“When you put yourself in somebody else’s space, you involve yourself in someone else’s world. I think that to try to turn off those experiences after the fact would be wrong. You have a responsibility both to yourself and to your subjects to remember them.”
~ An interview with Tyler Hicks, New York Times photographer
It’s something you usually hear from your mom or dad. A phrase loaded with expectation and subtle encouragement, reminding you of where you came from and where you hope to go.
“Make me proud,” they’d say.
And despite your inner doubts, you would always try.
I heard those words at this year’s ONA conference. It came from colleagues who have watched me grow from a wannabe journalist to a slightly more qualified journalist. I didn’t realize it until later, but they also supported me in a professionally pivotal way. By putting their reputation on the line, their recommendations make them partially invested in my success (or failure). Of course I will try to make them proud, but they reminded me of something far more important: how, as an industry, we need to support each other when it matters and never forget to pay it forward.
My career has never been a journey solely defined by talent, luck and timing. I would not be where I am today without the guidance of wiser, seasoned journalists. Sure, opportunity is earned, but it is also shared and given. In the moments when people are exploring other professions (like myself, this summer) or slowly burning out, three little words can mean a lot. They remind us that we’re not alone. We all want journalism to be better. Despite our differences, we want our stories to thrive and matter in a digital age. We are a community, and in the end, we rise and fall together.
Messy and complex, Shanghai is almost exactly like how I remembered.
Its skyline glimmers with skyscrapers and high-rises, dotted with steel skeletons of continuous construction. Pungent aromas intensified by humidity and human traffic waft through the streets. Locals and foreigners stream into ritzy shopping malls, up-scale restaurants and KFCs. Smog constantly obscures even a glimpse of the sky above. Unlike its northern sister, Shanghai isn’t preoccupied with Party politics. They say it is the land of economic opportunity. A city where tremendous wealth can be made for those who risk it, and a place where millions of dreams come to live and die…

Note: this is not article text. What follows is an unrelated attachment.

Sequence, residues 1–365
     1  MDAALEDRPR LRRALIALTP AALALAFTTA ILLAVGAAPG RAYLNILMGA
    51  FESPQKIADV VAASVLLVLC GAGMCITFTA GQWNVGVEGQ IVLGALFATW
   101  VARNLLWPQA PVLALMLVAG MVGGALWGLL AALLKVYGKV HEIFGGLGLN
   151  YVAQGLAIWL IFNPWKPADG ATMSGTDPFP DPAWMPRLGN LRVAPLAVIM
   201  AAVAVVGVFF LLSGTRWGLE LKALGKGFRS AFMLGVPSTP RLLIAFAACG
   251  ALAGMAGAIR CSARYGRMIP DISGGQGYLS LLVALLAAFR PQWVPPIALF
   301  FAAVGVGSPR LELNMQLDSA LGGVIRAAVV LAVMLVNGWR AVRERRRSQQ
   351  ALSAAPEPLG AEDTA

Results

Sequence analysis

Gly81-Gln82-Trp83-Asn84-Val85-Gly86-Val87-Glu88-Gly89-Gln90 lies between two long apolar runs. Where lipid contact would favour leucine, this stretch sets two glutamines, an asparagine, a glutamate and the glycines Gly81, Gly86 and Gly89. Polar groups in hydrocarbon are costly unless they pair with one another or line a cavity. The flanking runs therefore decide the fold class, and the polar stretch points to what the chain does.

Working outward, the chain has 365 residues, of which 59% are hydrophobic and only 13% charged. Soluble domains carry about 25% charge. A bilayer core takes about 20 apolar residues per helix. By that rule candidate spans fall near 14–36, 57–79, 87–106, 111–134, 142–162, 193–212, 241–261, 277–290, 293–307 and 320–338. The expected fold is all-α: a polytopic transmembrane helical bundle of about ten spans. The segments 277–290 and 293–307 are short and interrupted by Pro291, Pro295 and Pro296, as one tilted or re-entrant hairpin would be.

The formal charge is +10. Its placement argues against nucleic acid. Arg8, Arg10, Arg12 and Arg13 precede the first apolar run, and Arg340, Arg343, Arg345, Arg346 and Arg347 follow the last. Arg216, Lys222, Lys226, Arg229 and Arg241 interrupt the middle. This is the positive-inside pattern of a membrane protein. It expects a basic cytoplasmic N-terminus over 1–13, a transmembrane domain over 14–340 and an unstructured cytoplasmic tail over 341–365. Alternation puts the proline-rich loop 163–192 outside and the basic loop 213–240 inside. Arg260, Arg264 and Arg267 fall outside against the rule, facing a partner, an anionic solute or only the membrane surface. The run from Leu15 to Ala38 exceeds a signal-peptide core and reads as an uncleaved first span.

My last visit here was in 2008. I’ve been in China for a little over month now (including a two-week trip to Xinjiang), but I’ve mostly been re-visiting old haunts and discovering new ones in Shanghai. My initial intent was to spend time with family, but being here has given me an opportunity to pause and recalibrate. I can’t help but wonder, “Journalism was my first love, but could there be others?” While my interest in media hasn’t disappeared (I’m not sure if it ever will), I know it has to take shape in other ways. Not for curiosity’s sake, but because the industry’s evolution demands it.
So I’ve opened myself to an array of possibilities: exploring the local startup scene, co-working with foreign journalists, rekindling my passion for international development and foreign policy, and chatting with a wide range of other professionals. There is still a lot to learn, but being in Shanghai has given me something: A chance to re-imagine my own dream, and maybe, hopefully, see it one day come to life.
February 1st, 2012.
My last day at the AP. Everyone gathered in the conference room to hear the announcement the week before. We were there to cut cake, but I welled up trying to say thank you and goodbye. “Stories come and go, but in the end, it’s all about the people,” I said, blinking back the nostalgia. The memories reminded me how lucky I’ve been these past two years. My co-workers were my first friends in an unfamiliar city, and there was no better place to learn and breathe journalism than the AP. Was I really going to leave a respected institution for an unpredictable future?
What has it become? What will it be tomorrow?
Questions I think about, probably too often. I wedged myself into the industry when things were falling apart. June 2009. Business models were backfiring, structured career paths were crumbling, skill sets were expanding. The disruption was, and continues to be, relentless.
From the safety of my desk, I watched the world ebb and flow to media’s sea-change. Layoffs, Arab Spring, participatory journalism, the rise of Twitter blunders (and firings), app-mania and tech startups. At times, it was reassuring to be sheltered from the upheaval. More often than not, I felt I wasn’t doing enough. I felt I was missing something profound.